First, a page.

PROVIDENCE, R.I. — Rhode Island’s highest court has endorsed a power-purchase agreement between a proposed wind farm off the coast of Block Island and an electrical utility.
The state’s Supreme Court on Friday issued the decision supporting a deal approved last August by the Rhode Island Public Utilities Commission.
The agreement between Deepwater Wind LLC and National Grid PLC, the state’s primary electrical utility, is a key step in the construction of a wind farm off the coast of Rhode Island.
Under the arrangement, National Grid will pay 24.4 cents per kilowatt hour for energy generated by developer Deepwater Wind’s five-turbine wind farm.
Two manufacturers, Toray Plastics (America) Inc. and Polytop Corp. filed court challenges targeting the deal. They said the wind farm did not meet the statutory requirements for state approval, arguing that the cost of the project meant it was not commercially viable.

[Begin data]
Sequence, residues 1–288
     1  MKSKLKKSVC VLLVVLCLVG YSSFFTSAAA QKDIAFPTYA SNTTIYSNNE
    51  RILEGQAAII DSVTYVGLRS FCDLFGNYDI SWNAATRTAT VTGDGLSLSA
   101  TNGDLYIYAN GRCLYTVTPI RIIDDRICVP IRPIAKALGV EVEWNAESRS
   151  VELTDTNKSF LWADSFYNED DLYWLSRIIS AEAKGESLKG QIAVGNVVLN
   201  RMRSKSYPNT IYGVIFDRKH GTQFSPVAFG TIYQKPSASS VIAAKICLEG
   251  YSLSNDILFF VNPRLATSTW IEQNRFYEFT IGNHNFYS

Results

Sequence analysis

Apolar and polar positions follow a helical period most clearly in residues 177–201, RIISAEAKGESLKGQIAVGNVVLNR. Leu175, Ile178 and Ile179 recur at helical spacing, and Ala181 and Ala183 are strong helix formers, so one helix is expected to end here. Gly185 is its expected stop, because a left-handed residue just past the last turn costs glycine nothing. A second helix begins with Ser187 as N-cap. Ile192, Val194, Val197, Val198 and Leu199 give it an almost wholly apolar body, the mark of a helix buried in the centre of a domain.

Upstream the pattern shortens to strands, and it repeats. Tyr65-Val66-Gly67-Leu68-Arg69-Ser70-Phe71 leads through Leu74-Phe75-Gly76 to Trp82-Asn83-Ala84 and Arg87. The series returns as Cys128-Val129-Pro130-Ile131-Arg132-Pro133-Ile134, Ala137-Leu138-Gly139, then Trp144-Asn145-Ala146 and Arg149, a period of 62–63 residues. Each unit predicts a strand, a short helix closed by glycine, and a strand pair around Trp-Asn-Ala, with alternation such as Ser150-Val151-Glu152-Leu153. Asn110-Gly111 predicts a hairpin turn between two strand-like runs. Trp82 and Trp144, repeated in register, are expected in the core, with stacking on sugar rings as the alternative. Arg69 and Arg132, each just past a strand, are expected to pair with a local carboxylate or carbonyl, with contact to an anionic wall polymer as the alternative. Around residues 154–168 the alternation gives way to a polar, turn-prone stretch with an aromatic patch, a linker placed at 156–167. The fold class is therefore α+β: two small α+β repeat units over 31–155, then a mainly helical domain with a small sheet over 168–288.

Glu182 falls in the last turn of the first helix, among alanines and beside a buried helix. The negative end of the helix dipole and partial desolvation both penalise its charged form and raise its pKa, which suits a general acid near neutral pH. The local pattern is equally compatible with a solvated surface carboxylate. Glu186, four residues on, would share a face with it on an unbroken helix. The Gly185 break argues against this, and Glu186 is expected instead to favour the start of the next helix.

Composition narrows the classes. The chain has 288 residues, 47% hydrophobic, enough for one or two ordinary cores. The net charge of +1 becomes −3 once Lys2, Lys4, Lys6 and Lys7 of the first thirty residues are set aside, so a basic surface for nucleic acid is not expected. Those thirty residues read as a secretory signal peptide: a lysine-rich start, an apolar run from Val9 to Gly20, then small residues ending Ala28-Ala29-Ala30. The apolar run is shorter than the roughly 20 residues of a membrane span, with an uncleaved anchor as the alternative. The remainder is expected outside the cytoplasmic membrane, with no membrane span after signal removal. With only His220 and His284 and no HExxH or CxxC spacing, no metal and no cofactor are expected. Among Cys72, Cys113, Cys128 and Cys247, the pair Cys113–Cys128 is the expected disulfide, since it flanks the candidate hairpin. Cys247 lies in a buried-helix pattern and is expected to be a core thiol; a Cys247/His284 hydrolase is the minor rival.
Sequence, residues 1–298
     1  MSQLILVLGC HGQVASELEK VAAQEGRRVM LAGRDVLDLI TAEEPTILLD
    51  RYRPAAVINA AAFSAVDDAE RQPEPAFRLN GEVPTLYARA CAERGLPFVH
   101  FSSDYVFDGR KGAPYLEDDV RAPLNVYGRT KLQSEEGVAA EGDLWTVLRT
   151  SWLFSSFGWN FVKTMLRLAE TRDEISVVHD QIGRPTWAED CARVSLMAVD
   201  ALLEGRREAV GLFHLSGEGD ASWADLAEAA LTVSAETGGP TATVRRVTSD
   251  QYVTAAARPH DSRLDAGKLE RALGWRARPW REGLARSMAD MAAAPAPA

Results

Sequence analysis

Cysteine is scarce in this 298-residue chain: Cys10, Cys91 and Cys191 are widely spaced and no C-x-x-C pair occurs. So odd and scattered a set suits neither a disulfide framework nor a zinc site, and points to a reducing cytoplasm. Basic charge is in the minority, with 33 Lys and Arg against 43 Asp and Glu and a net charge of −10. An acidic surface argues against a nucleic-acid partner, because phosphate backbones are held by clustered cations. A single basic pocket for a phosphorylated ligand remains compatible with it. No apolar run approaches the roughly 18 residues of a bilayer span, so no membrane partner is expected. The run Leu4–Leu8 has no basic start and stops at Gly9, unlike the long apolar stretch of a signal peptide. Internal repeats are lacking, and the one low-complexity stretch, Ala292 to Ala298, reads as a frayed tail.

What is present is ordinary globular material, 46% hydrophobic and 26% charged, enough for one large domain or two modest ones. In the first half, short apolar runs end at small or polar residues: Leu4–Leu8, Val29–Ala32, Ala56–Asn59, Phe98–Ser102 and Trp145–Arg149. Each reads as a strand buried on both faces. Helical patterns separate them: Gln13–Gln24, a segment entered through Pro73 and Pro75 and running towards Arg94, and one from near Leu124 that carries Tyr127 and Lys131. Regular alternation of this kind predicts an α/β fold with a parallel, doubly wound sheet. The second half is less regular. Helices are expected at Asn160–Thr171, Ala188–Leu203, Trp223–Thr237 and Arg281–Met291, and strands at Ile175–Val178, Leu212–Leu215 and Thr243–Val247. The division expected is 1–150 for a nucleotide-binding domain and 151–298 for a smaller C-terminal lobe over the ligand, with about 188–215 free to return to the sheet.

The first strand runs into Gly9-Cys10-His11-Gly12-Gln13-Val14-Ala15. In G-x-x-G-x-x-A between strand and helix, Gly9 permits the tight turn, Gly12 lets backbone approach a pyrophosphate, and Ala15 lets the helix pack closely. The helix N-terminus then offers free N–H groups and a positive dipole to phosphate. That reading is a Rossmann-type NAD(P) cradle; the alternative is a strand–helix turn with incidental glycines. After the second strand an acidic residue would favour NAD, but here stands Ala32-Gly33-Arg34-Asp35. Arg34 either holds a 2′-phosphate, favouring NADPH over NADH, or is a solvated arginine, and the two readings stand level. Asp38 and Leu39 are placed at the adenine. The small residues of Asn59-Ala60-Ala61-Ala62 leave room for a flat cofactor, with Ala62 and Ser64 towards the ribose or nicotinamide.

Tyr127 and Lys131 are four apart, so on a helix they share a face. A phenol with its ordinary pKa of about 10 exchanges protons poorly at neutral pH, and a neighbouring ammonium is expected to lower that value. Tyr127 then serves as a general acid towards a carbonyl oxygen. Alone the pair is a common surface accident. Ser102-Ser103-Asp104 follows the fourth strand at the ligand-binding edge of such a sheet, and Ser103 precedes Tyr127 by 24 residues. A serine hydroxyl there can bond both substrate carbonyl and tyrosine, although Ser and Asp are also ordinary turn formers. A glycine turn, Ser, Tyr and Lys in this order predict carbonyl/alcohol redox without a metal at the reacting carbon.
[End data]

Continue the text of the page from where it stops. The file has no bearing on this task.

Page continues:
Attorney Michael R. McElroy, who represents both Toray and Polytop, said his clients are disappointed with the ruling. He called the Public Utilities Commission approval “unreasonable” and said it would cost state electric rate payers about $400 million.
“This project will create only six permanent jobs, but we believe the huge additional electric costs it will impose, especially on businesses, will significantly discourage growth in Rhode Island’s sluggish economy, which is struggling to overcome a deep recession,” he said.
Deepwater Wind CEO William M. Moore said in a statement his company would proceed to the permitting and construction planning phases of the project.